Despite the general lack of angler interest, there have been some fantastic fish taken in Western Port recently. Big gummies have been about in numbers as they finish spawning in the Port’s murky waters, and a few resident winter snapper have also made an appearance.
The gummies have been scattered about the Port, however Buoy 17 off Tortoise Heads and the deep water near Cowes has been particularly productive. Some of these fish have weighed over a massive 20kg but most have been around the 8 to 10kg mark.
Colleague Jarrod Day landed a lovely gummy of 12kg near Tortoise Heads. This fish was taken on a salmon fillet early in July. Another standout bait is freshwater eel. Many anglers in the know use eel cubes because they are very tough and big gummies simply adore the oily smell. Professional long-liners targeting gummies have used eels for years.
The only downside of eel as bait is that they are slimy, slippery little critters and you’ve probably got to catch them yourself because they are not readily available at tackle shops. Well not anymore! After much searching it looks as though we have been able to find a supply of fresh, vacuum-packed, de-slimed eels. The samples we’ve organised look fantastic and we hope to have them in stock at Cranbourne Fishing Tackle for August.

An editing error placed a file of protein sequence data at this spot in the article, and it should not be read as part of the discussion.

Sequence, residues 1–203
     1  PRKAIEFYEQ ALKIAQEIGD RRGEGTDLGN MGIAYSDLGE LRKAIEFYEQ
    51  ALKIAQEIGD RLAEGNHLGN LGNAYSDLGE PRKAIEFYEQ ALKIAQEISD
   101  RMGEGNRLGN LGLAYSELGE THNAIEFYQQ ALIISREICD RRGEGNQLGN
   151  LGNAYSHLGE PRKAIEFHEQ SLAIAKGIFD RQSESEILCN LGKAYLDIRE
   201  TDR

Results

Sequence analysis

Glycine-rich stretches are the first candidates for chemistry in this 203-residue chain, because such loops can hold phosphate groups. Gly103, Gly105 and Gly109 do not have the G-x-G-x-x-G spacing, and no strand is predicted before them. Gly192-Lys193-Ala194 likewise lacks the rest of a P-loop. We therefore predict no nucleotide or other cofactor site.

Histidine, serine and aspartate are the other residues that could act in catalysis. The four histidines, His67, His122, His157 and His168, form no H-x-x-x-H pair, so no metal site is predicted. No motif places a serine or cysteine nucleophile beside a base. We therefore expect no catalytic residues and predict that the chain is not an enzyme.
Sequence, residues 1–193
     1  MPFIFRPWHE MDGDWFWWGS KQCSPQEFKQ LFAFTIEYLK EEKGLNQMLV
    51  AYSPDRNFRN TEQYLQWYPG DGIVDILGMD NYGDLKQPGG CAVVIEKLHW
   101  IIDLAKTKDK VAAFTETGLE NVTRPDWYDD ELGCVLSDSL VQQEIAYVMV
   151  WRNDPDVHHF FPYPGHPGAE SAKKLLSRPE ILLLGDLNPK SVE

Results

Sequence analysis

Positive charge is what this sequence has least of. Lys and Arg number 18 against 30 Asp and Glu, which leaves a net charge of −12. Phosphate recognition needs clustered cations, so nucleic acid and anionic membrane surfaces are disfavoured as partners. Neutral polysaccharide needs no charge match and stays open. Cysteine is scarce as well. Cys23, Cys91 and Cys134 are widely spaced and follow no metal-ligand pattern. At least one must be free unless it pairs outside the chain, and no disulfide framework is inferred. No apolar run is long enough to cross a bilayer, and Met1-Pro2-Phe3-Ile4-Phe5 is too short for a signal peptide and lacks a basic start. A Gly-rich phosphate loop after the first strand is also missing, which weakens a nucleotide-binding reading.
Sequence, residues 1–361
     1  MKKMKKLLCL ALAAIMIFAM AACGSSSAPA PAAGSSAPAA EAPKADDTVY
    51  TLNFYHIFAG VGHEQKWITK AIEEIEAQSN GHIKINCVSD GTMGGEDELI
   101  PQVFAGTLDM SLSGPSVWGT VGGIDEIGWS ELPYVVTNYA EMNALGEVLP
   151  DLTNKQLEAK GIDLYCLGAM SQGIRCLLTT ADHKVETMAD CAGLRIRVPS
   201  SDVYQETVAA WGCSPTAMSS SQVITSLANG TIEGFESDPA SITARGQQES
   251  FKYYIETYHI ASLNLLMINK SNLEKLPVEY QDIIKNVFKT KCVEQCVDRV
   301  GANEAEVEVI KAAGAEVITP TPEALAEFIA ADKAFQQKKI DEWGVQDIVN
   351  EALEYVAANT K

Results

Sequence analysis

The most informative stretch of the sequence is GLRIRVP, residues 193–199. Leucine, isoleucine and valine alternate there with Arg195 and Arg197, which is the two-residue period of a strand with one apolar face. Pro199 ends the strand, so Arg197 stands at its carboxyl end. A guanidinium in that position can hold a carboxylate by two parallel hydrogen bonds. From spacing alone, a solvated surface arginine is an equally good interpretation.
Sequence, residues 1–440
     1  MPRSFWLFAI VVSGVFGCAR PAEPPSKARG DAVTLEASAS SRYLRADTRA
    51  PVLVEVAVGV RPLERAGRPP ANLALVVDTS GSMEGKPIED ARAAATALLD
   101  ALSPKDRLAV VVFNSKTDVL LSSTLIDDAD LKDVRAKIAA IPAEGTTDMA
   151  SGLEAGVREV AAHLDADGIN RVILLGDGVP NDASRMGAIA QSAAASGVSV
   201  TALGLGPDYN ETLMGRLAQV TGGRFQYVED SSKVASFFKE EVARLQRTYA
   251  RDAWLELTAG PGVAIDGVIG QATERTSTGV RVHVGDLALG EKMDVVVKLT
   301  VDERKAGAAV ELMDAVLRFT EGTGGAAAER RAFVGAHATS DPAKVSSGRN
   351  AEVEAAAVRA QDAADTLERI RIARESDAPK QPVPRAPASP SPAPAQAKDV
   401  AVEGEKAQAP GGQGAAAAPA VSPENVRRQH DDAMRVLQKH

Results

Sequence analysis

The whiting have been relatively quiet lately other than a few bags of 35cm fish landed in the shallows between Stony Point and Hastings. Last September, the King George whiting fishery was fairly sporadic until the water temperature started to rise. Keep your fingers crossed for some warm weather next month!
I can’t believe that winter is almost over and spring is just around the corner. In hindsight, it has been a fairly productive winter, perhaps not in quantity but definitely in quality.
One fish worthy of a mention was a 12.3kg snapper taken by Nick Maltezo and Jan Prib in early July. The thumper red ate a squid head intended for sharks. It is one of the biggest snapper to come from the Port all year. Well done guys!
The big calamari will be making an appearance next month as they enter the shallow sea grass beds to prepare for their spawning season. Likely areas will include McHaffies Reef and Flinders Pier. Use the biggest jigs as the squid are typically over a kilo.
The much-anticipated snapper season will soon be in full swing again and I for one can’t wait.Reads: 1979